Review: Daliland Explores the Surrealist Painter’s Later Life, in Odd and Mostly Meaningless Ways
I’m genuinely confused about what we’re supposed to learn about the iconic enigma who was Salvador Dali or art in general or the period in which Daliland is set (most of the film takes place in 1973-74, years in which Dali was probably the most famous living artist in the world) from this movie, but I’ll admit that watching Sir Ben Kingsley chew up the screen as the aging surrealist painting genius/madman is a bit of a treat, just hardly one that will leave you feeling entirely satisfied. We actually meet and observe Dali through the eyes of young gallery assistant James (Christopher Briney), who is keen to make a name for himself in the art world. He’s already dropped out of art school, but has turned his attention to working at the New York gallery that has the exclusive rights to display Dali’s work, run by Christoffe (Alexander Beyer).
While the gallery is weeks away from opening up a new show of Dali’s latest works, the establishment is panicking because they don’t have enough paintings to fill the gallery. Although Dali’s long-suffering wife Gala (the great Barbara Sukowa) is pushing him to work, Dali is easily distracted with thoughts of parties, orgies (he likes to watch, not participate), and just generally surrounding himself with beautiful, interesting people. Gala is a former sex addict who still has a thing for young, pretty men, and she even hits on James when he floats into this world on behalf of the gallery. But she has a full-time lover in actor Jeff Fenholt (Zachary Nachbar-Seckel), who has the lead role in Jesus Christ Superstar on Broadway, and dreams of becoming a recording star, with the help of a great deal of money from his sugar-mama.
Money is a huge focal point in Daliland because the titular character lets it slip through his fingers like water, but neither he nor Gala want to be bothered with the details of where the money is coming from or going to. There are issues with legal and illegal “limited-edition” prints, signed by Dali, which is why the new paintings are so important—they represent a new revenue stream and source for these prints. As Dali’s secretary Captain Moore (Rupert Graves) says at one point, “A painting is no longer just a painting.”
After meeting and conversing with James briefly at a party in his hotel room, Dali decides that he needs the young man to become his assistant, at least until the gallery opening in a few weeks. And so James becomes part of the living master’s inner circle, observing him at work and listening to his stories, particularly ones about his early years in Spain, when he first met Gala (the young couple are played by Ezra Miller and Avital Lvova). The flashback scenes don’t really amount to much, and really only alert us to the fact that Dali and Gala were crazy from a young age, but they were also very much in love.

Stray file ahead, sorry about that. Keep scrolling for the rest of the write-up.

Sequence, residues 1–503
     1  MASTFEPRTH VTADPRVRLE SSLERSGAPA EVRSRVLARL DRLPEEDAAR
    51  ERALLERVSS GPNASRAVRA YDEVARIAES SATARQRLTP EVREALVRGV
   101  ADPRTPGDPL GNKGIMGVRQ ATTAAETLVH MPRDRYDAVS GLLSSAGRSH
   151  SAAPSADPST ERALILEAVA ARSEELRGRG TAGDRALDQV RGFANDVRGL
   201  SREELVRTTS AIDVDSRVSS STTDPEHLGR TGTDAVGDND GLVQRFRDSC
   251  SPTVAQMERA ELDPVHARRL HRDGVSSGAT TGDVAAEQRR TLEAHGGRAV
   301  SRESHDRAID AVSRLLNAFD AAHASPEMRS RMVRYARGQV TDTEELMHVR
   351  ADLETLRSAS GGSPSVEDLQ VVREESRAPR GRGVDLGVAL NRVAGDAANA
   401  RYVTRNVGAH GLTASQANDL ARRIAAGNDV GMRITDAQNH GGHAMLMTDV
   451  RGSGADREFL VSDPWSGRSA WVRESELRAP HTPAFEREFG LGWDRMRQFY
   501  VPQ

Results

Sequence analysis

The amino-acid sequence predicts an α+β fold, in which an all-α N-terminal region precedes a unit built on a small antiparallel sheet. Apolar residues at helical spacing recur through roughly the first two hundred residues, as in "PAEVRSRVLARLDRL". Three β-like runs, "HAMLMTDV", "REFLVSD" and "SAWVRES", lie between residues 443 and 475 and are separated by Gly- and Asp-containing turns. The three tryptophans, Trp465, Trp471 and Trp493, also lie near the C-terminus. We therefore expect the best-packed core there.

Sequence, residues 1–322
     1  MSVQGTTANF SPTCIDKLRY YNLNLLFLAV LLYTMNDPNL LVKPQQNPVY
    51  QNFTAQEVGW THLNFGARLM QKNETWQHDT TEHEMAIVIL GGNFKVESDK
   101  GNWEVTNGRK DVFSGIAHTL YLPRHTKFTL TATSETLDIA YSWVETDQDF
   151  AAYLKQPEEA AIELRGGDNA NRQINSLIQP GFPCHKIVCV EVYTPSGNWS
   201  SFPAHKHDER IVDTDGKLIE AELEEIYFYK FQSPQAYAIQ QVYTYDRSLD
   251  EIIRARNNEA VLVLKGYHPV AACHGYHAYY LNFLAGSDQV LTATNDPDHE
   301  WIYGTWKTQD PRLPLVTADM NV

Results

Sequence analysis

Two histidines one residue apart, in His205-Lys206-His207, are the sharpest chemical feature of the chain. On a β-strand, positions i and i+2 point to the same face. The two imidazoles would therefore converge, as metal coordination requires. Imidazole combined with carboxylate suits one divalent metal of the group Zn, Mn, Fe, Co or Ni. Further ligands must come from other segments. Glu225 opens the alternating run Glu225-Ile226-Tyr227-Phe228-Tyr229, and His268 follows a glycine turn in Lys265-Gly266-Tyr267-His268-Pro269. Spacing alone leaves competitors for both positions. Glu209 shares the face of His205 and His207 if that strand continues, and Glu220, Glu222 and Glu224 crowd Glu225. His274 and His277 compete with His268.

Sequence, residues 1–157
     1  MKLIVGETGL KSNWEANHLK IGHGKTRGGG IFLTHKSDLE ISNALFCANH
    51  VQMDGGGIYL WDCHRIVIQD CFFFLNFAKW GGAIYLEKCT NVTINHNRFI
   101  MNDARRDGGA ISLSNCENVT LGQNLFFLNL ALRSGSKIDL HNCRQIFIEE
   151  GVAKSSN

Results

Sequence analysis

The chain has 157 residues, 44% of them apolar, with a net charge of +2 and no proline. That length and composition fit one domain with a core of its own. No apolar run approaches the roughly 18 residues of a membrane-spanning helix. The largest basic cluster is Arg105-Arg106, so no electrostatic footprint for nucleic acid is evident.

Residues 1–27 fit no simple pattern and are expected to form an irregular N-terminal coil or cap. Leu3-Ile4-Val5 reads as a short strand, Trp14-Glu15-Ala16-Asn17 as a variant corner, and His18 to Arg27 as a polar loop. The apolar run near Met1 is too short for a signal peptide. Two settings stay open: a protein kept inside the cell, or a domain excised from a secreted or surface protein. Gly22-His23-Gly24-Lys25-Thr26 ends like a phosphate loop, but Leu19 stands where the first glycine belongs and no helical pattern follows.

Directed by Mary Harron (I Shot Andy Warhol, The Notorious Bettie Page, American Psycho), from a script by John Walsh, Daliland also features a host of interesting supporting players, including Andreja Pejic as Dali’s trans muse Amanda Lear; Mark McKena as musician and friend Alice Cooper; and Suki Waterhouse as Ginesta, a self-described “piece of jewelry” for Dalli, someone who looks pretty and Dali likes having around him. James and Ginesta fall into a relationship of convenience and proximity, but it’s clear that she’s a free spirit, more interested in the experience than anything long-lasting.
I’m not exactly sure how much of Daliland is based in fact. Some of the characters are based on real people, some are amalgams of real people, and some are clearly dramatic license in human form. But mostly my issues with the film have to do with why I should care about people who place no value on money, the lives they screw up from basically being fickle and childish, or the relationships that they say mean everything but amount to nothing. I’m not even convinced Dali cared that much about art, other than his own. The flashbacks are meaningless, bordering on pointless, and there’s no real drama in the piece other than that created by Dali’s lack of interest in anything of substance. Watching the film was both fascinating and frustrating, but Kingsley and Sukowa’s performance at least kept me engaged.
The film is now playing in a limited theatrical run.
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Steve Prokopy is chief film critic for the Chicago-based arts outlet Third Coast Review. For nearly 20 years, he was the Chicago editor for Ain’t It Cool News, where he contributed film reviews and filmmaker/actor interviews under the name “Capone.” Currently, he’s a frequent contributor at /Film (SlashFilm.com) and Backstory Magazine. He is also the public relations director for Chicago's independently owned Music Box Theatre, and holds the position of Vice President for the Chicago Film Critics Association. In addition, he is a programmer for the Chicago Critics Film Festival, which has been one of the city's most anticipated festivals since 2013.